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Microbiology News
Thu, 01 Dec 2016 16:59:22 EST
Modifying a live virus in a vaccine to be just strong enough
By genetically tweaking the constituent live virus, scientists have created a vaccine against influenza in which the virus is capable of activating the immune system but cannot replicate in healthy cells -- an approach that may become more widely used for generating live virus vaccines adapted to other viruses.
Thu, 01 Dec 2016 12:21:59 EST
Gut microbes promote motor deficits in a mouse model of Parkinson's disease
Gut microbes may play a critical role in the development of Parkinson's-like movement disorders in genetically predisposed mice, researchers report. Antibiotic treatment reduced motor deficits and molecular hallmarks of Parkinson's disease in a mouse model, whereas transplantation of gut microbes from patients with Parkinson's disease exacerbated symptoms in these mice. The findings could lead to new treatment strategies for the second most common neurodegenerative disease in the United States.
Thu, 01 Dec 2016 12:21:32 EST
Natural alternatives to protect plants inspired by pharmaceutical research
The bacteria Streptomyces -- which is commonly used in human antibiotics and found in the natural environments of wild plants as well as crops -- could be used as an environmentally friendly alternative to pesticides, scientists say. In addition to protecting plants from fungal and other threats, Streptomyces has been shown to keep roots healthy and promote plant growth.
Thu, 01 Dec 2016 12:11:35 EST
Gut microbe movements regulate host circadian rhythms
Even gut microbes have a routine. Like clockwork, they start their day in one part of the intestinal lining, move a few micrometers to the left, maybe the right, and then return to their original position. New research in mice now reveals that the regular timing of these small movements can influence a host animal's circadian rhythms by exposing gut tissue to different microbes and their metabolites as the day goes by. Disruption of this dance can affect the host.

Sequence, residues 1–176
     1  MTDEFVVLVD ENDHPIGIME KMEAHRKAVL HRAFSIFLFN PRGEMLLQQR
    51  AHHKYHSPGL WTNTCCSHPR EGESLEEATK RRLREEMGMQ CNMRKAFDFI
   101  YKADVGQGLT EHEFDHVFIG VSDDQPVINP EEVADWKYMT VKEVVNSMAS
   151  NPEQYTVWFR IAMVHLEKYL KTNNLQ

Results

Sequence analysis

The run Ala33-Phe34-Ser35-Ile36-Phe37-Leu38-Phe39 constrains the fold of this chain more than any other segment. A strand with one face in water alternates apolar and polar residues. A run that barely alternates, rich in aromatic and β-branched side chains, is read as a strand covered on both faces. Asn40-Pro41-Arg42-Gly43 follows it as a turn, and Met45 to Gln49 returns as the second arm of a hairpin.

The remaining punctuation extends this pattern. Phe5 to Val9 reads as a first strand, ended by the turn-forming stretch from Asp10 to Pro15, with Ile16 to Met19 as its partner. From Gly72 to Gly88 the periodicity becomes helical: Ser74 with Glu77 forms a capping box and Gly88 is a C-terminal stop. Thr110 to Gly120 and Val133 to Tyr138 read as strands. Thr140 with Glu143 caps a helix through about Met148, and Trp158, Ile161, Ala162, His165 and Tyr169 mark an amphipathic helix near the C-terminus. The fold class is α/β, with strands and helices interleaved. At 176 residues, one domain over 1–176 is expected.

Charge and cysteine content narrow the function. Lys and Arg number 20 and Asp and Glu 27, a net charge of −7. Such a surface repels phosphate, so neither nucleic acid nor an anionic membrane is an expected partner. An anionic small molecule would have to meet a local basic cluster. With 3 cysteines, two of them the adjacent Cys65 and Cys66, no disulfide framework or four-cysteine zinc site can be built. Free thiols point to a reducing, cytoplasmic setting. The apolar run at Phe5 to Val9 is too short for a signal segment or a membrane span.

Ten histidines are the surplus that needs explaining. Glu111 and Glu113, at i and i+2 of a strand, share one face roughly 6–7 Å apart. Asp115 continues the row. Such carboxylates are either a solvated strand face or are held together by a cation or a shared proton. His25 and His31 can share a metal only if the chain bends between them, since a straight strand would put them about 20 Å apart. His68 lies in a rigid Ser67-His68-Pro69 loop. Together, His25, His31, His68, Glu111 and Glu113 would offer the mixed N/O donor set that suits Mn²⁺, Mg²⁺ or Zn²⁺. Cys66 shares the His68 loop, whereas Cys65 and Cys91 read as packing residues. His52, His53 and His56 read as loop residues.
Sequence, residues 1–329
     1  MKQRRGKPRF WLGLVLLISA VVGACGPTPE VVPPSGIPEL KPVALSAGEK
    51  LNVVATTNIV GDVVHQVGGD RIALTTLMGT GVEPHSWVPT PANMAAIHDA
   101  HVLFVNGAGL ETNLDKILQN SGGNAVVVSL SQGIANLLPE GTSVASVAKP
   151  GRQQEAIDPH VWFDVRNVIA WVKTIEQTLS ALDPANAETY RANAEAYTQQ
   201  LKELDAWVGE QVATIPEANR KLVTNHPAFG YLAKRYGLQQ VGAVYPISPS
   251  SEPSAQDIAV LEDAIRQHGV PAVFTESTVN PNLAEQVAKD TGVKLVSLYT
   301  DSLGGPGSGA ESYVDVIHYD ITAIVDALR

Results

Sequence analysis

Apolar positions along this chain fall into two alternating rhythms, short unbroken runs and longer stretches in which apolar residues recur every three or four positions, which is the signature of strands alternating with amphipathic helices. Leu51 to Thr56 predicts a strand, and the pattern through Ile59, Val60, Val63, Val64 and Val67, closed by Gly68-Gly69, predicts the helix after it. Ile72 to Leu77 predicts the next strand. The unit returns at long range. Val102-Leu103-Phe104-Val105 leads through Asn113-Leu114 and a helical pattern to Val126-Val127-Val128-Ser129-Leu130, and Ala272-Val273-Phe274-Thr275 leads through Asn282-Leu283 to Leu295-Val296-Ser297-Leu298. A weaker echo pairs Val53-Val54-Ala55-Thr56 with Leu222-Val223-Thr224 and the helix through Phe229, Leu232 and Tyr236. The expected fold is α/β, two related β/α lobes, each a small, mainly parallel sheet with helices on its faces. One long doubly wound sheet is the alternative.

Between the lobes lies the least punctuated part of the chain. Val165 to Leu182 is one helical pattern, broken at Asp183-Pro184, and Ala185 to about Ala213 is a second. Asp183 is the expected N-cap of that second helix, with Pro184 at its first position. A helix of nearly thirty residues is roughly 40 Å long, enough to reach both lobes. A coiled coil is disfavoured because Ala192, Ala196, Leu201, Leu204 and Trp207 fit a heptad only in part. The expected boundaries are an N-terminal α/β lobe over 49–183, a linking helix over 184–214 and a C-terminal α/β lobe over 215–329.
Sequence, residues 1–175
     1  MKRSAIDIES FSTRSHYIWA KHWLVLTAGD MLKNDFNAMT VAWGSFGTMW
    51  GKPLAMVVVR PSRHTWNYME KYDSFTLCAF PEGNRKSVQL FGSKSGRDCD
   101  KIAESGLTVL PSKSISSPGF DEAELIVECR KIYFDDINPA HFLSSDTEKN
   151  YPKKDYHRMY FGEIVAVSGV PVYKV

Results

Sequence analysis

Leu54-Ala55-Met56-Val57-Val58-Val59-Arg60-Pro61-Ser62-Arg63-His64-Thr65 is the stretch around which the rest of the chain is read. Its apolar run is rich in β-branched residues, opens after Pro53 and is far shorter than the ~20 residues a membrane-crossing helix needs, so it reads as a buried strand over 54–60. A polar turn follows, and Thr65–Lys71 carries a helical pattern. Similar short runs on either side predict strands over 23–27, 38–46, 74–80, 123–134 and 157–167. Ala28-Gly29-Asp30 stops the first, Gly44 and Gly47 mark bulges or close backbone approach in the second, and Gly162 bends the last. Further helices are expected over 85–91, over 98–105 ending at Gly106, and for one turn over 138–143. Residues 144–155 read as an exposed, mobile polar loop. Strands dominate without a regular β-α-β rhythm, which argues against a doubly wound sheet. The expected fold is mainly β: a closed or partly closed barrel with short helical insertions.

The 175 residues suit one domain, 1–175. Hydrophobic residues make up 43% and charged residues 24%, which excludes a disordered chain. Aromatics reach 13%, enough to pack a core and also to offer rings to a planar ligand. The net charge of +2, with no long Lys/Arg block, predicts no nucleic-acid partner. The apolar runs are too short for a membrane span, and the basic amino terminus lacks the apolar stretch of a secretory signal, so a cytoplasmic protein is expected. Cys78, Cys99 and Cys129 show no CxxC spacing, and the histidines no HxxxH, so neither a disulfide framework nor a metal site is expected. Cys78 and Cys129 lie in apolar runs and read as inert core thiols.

Thu, 01 Dec 2016 12:11:02 EST
Multi-institutional collaboration uncovers how molecular machines assemble
Ribosomes -- macromolecular machines consisting of RNA and proteins that twist, fold and turn -- are responsible for making all of the protein within a cell and could hold the key to deciphering a range of diseases. Despite the intricacies of ribosomes, cells are able to churn out 100,000 of them every hour. But because they assemble so speedily, researchers haven't been able to figure out how they come together.
Thu, 01 Dec 2016 11:44:47 EST
Protective barrier inside chromosomes helps to keep cells healthy
Fresh insights into the structures that contain our genetic material could explain how the body's cells stay healthy. A protective barrier formed inside each of our chromosomes helps to prevent errors occurring when cells divide, researchers say. The study sheds light on the precise interplay between key factors inside chromosomes that leads to the formation of the barrier.
Wed, 30 Nov 2016 14:12:08 EST
Researchers detail what makes costly ruminant bacteria so infectious
A veterinary research team has discovered the specific genetic mutations that make Campylobacter jejuni such a virulent strain of bacteria in ruminant animals such as sheep and cattle. The research could lead to a vaccine or new ways to control the bacteria.
Wed, 30 Nov 2016 12:41:50 EST
Predatory bacterium that kills to obtain bioplastic
A new method has been designed that uses a predatory bacterium to extract bioplastic materials from the inside of other bacteria, without degrading it. The system, already patented, will make it possible to obtain this type of products at low cost and at industrial scale in bacterial cell factories.
Tue, 29 Nov 2016 15:38:02 EST
VirusDetect, a new bioinformatics pipeline for virus identification released
Researchers studying the viruses that affect agricultural production or human health now have a new tool for investigating where viruses have spread, on a local, national, or even global scale.
Tue, 29 Nov 2016 15:37:33 EST
Each animal species hosts a unique microbial community and benefits from it
Each animal species hosts its own, unique community of microbes that can significantly improve its health and fitness. That is the implication of a laboratory study that investigated four different animal groups and their associated microbiota. The research found that each species within the group has a distinctive microbial community.
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